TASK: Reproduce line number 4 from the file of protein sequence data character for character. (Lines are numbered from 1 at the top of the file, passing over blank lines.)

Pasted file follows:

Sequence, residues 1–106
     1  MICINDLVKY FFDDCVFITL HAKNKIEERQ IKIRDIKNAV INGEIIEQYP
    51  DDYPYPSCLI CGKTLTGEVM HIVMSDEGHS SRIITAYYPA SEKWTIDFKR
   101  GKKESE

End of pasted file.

   101  GKKESE